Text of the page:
This work contains a very similar frontispiece to the 1703 Euclid
except that the diagrams deal with the conics. We marveled at the skill
of the engraver who was able to copy his work over so exactly, only
altering the diagrams.
Apollonius, of Perga.
Apollonii Pergaei Conicorum libri octo, et Sereni Antissensis
De sectione cylindri & coni libri duo.
Uniform Title: Konika. Latin & Greek.
Oxoniae, e Theatro Sheldoniano, 1710.
To see a manuscript in Newton's hand was a rare first for all of us.
Montmort, Pierre Remond de.
Summary: A.L.S. (1718 Mar. 27) to Newton concerning the problem of
trajectories set by the Bernouillis, in French, Latin, and
English, and A.L. (1718 Dec. 18) to Taylor concerning other
scientists that Taylor should know, in French.
Added Entry: Newton, Isaac, Sir, 1642-1727.
Taylor, Brook, 1685-1731.
Burndy Library, donor.
Monge, one of the founders of the Ecole Polytechnique, is the
father of Descriptive Geometry, a subject that has evolved today into
engineering drawing. But in his day it was a military secret. There
are many interesting plates in this volume.
Gaspard Monge (1746-1818). 1798 or 1799
Title: Geometrie descriptive : lecons donnees aux ecoles normales,
l'an 3 de la Republique / par Gaspard Monge ...
Paris : Baudouin ..., an 7 <1798 or 1799>
This famous work of Gauss is easily available in English translation,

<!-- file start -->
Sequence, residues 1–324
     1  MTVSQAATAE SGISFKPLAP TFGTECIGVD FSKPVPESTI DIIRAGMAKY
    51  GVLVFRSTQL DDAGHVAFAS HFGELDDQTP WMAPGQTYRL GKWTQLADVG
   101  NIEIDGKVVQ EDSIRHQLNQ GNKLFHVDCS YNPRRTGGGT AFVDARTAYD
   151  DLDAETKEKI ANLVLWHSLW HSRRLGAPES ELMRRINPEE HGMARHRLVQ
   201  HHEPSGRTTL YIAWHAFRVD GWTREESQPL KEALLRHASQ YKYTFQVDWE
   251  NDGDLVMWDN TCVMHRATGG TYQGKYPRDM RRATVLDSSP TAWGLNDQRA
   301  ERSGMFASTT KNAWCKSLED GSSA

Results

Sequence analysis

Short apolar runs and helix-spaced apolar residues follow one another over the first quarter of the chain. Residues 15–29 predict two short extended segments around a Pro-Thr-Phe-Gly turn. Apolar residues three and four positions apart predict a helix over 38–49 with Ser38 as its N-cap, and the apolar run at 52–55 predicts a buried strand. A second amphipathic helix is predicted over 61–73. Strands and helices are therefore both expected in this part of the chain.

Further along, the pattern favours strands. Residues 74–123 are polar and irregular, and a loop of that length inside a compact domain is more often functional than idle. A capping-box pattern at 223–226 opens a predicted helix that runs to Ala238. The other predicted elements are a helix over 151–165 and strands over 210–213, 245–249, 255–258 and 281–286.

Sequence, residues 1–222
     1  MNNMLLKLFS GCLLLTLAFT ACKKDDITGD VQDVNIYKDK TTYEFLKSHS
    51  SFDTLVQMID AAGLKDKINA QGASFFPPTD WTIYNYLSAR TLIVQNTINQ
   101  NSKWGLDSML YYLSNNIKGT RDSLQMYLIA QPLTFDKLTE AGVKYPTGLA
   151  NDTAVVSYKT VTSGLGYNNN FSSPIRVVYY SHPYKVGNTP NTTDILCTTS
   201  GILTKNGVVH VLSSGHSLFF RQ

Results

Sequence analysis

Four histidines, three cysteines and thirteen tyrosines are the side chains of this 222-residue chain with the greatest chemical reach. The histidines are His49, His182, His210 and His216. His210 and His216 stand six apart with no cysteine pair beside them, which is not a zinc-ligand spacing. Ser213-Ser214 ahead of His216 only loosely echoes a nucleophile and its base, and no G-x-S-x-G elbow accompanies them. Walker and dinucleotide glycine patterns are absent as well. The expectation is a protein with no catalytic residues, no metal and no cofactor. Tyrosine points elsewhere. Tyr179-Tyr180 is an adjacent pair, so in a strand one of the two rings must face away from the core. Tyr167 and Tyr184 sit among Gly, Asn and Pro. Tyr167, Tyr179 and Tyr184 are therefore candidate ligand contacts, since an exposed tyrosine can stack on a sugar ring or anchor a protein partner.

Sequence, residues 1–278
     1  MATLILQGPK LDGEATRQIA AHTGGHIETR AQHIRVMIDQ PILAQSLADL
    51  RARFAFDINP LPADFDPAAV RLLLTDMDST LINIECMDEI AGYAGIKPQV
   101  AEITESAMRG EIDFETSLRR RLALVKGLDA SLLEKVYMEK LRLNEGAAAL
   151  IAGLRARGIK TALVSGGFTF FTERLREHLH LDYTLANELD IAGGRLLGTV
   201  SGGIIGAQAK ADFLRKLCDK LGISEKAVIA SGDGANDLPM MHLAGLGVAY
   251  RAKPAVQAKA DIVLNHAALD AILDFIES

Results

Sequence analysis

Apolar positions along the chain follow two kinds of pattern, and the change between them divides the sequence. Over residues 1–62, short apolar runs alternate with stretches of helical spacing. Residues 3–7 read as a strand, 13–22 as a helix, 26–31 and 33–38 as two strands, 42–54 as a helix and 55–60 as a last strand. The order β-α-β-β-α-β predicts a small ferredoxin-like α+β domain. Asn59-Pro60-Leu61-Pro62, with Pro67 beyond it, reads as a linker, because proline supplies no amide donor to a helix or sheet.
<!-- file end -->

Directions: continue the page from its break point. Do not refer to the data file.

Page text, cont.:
but it was neat to see the original. He begins by defining congruences
for integers and ends with a detailed discussion of which regular polygons
can be constructed. This work is noted for its difficulty.
Carl Friedrich Gauss, Carl Friedrich (1777-1855).
Lipsiae : In commiss. apud Gerh. Fleischer, jun., 1801.
Farkas Bolyai (1775-1856).
Tentamen juventutem studiosam in elementa matheseos purae,
elementaris ac sublimioris, methodo intuitiva, evidentiaque
huic propria, introducendi : cum appendice triplici /
auctore professore matheseos et physices chemiaeque publi.
Maros Vasarhelyini, 1832 : Typis Collegii Reformatorum per
Josephum et Simeonem Kali de fels"o Vist., <1832-1833>
Appendix: scientiam spatii absolute veram exhibens / auctore
Johanne Bolyai: t. 1, 28 p. following p. 502.
Sir William Rowan Hamilton (1805-1865).
Lectures on quaternions : containing a systematic statement of
a new mathematical method, of which the principles were
communicated in 1843 to the Royal Irish Academy, and which
has since formed the subject of successive courses of
lectures, delivered in 1848 and subsequent years, in the
halls of Trinity College, Dublin : with numerous
illustrative diagrams, and with some geometrical and
physical applications / by Sir William Rowan Hamilton ...
Hodges and Smith ... ; London : Whittaker & Co. ... ;
Cambridge : Macmillan & Co., 1853.
Also on display were portraits of Euler, Kepler, Maclaurin, Tartaglia and Weierstrass. The Dibner Library has a large collection of portraits, but, unfortunately, they are not listed in the computer cataglog. The Smithsonian also has a collection of medals, some of which portray mathematicians.
In the gallery outside the Dibner a show entitled "Science and the Artist's Book" was on display. Contemporary artists were asked to interpret a number of classical scientific books. Included was
This magnificent volume is the first printed Euclid.
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V. Frederick Rickey at